Sitting there perched on a rock, life was good.
The sun shone down on the five of us in our mountain meadow. We smiled, laughed, and shared stories. As we hiked back down to the trailhead, my spirit soared in a way I hadn’t felt in a long time. The world seemed like a better place.
It was an unfamiliar feeling, one I hadn’t felt in a very long time. And it surprised me.
I don’t really consider myself an extrovert. If anything, during the past several years, living in our mountain home, I’ve become more hermit-like. When I talked to friends who complained about isolating, I listened compassionately. But inside, I thought Oh, that’s not me. I like being alone. I feel most comfortable being domestic and sticking close to home. I’m handling this so well.
Working from home felt comfortable. I could sleep later, wear casual clothes, not spend all that time on doing my hair, putting on make up for my city job. We’ve gone out for walks with the dogs every day at lunch. Spending time with my husband and connecting with friends via Zoom and phone seemed fine.
We never have been big on going to parties, or going out for dinner. So I felt like I’d handled the pandemic pretty well, all things considered. I really wasn’t missing that much.
Or was I?
The past two weekends, I’ve had more social contact with more people than over the last 15 months combined. What has surprised me is how much I enjoyed having personal conversations with people face to face.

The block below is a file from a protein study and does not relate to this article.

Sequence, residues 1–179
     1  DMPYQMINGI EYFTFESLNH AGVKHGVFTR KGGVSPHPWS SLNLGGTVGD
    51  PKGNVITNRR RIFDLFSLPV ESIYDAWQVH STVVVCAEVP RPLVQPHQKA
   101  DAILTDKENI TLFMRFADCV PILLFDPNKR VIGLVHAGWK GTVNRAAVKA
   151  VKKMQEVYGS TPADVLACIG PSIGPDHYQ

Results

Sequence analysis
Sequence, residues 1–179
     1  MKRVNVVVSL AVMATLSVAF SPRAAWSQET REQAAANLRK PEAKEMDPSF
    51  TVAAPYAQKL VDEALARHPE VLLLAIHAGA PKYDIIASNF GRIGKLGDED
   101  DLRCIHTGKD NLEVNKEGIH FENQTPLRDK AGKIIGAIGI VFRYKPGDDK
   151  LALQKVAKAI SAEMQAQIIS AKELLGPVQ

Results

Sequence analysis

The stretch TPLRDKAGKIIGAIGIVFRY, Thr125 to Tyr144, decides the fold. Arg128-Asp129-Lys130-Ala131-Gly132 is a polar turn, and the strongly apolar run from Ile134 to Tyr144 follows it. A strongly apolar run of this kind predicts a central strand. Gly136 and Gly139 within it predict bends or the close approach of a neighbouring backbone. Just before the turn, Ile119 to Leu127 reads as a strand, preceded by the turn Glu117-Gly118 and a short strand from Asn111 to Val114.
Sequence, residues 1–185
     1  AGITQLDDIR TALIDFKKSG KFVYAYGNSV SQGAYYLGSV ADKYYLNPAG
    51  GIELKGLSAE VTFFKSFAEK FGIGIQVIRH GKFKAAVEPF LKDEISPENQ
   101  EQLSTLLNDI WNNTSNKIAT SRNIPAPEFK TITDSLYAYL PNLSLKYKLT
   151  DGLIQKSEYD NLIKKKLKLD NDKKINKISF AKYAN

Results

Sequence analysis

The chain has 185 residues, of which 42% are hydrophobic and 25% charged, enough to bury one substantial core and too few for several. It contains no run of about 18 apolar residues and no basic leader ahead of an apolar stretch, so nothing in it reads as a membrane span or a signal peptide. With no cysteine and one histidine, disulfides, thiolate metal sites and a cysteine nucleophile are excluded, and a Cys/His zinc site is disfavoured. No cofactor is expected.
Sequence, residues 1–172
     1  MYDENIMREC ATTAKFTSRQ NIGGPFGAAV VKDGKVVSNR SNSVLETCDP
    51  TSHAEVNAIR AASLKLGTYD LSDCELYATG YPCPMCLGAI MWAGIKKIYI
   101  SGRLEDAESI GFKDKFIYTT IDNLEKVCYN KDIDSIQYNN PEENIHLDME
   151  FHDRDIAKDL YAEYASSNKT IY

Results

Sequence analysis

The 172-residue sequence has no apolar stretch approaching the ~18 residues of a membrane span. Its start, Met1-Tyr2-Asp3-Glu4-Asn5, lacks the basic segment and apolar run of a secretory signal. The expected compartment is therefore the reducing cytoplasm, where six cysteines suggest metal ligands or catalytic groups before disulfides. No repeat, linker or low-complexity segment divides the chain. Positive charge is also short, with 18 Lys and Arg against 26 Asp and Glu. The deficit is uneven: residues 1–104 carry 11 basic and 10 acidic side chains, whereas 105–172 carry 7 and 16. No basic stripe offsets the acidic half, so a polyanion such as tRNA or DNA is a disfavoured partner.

First came a barbecue potluck we hosted at our house. Sitting on the deck, with our neighbors, eating watermelon and potato salad. “What do you think of this coming wildfire season? Are you planning any trips this year?”
Normal conversation about normal stuff.
And today, getting out on the trail with like-minded volunteers from the Indian Peaks Wilderness Alliance. I’d skipped volunteering last year due to Covid. The whole thing seemed too scary given my issues with autoimmune disease. Being around hundreds of strangers, having to wear a mask the entire time hiking. It just seemed like too much anxiety and too much work for the privilege of being in the forest.
But this year, getting vaccinated and covid ever disappearing as case counts decline, I decided to resume my volunteering doing trail patrols in the Indian Peaks. And as I sat on the rock, munching a Luna Bar, chatting with my fellow volunteers, I felt healed. Healed from the long slog of the past year.
Nature has always been restorative to me. When I’m having a bad day, if I can find a way to get outside, life’s challenges feel a little less formidable. Seeing a snow-capped mountain, the burble of a creek, the silhouette of a pine tree cures my ill will.
Sharing that with others who feel the same way? Well, that connection is priceless.